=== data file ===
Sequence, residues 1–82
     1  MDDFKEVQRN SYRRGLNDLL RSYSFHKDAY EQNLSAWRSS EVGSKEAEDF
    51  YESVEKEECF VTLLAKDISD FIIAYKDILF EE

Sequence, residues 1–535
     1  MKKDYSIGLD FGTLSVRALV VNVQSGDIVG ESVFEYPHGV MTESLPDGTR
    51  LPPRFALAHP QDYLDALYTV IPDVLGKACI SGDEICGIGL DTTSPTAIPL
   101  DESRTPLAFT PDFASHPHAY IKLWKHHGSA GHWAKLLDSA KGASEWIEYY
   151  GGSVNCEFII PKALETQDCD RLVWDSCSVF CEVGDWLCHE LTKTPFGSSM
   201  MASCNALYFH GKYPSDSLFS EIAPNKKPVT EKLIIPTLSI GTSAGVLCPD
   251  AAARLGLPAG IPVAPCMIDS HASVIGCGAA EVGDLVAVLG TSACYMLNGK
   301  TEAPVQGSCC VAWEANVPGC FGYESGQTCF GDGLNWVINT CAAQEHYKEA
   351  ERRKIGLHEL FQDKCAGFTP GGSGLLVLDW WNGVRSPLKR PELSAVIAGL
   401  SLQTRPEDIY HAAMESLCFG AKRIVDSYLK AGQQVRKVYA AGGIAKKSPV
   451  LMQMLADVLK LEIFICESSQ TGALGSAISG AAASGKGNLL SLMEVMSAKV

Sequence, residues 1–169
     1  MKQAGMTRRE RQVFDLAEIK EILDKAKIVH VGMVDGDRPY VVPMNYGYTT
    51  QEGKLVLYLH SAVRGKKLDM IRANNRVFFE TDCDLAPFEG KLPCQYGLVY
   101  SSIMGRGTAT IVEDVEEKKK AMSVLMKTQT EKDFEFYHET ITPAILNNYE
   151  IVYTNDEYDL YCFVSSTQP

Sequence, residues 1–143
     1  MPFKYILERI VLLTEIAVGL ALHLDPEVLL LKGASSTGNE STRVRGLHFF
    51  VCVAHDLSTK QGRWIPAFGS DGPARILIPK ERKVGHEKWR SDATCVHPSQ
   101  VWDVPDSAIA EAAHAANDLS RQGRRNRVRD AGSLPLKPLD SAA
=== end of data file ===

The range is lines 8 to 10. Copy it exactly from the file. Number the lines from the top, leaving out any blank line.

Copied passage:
   151  GGSVNCEFII PKALETQDCD RLVWDSCSVF CEVGDWLCHE LTKTPFGSSM
   201  MASCNALYFH GKYPSDSLFS EIAPNKKPVT EKLIIPTLSI GTSAGVLCPD
   251  AAARLGLPAG IPVAPCMIDS HASVIGCGAA EVGDLVAVLG TSACYMLNGK